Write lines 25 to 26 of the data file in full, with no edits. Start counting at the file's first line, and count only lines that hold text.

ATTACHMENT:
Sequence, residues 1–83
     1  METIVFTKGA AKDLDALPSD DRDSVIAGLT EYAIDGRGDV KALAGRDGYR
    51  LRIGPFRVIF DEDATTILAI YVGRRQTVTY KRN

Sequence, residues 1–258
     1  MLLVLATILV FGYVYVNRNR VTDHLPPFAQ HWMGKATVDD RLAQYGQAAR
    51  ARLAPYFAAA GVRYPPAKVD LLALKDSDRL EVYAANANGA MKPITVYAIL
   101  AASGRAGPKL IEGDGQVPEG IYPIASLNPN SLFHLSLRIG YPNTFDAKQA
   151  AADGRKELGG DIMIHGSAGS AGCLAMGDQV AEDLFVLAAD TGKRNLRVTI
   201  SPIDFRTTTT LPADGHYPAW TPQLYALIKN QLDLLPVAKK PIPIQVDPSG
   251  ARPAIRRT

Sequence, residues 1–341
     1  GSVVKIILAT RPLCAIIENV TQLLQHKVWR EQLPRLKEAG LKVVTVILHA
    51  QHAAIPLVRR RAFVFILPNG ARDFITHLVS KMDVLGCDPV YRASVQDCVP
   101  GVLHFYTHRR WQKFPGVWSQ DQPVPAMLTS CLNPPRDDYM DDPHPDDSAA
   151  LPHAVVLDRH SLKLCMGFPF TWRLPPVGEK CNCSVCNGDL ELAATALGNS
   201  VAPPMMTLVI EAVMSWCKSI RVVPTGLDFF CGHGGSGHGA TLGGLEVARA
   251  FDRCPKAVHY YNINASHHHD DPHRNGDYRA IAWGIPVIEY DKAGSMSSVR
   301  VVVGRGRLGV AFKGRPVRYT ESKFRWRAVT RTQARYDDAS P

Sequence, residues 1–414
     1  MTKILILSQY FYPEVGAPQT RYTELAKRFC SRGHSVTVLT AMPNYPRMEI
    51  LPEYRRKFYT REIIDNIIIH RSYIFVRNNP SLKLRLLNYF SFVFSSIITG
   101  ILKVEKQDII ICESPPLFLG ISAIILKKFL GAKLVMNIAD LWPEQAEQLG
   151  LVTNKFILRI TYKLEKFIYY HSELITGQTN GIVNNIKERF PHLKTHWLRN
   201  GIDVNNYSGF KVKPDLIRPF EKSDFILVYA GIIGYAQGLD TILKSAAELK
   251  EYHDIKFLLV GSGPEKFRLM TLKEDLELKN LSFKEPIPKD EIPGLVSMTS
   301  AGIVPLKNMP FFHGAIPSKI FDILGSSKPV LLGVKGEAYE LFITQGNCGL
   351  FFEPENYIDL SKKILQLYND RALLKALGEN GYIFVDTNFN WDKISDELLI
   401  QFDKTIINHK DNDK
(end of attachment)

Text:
   251  EYHDIKFLLV GSGPEKFRLM TLKEDLELKN LSFKEPIPKD EIPGLVSMTS
   301  AGIVPLKNMP FFHGAIPSKI FDILGSSKPV LLGVKGEAYE LFITQGNCGL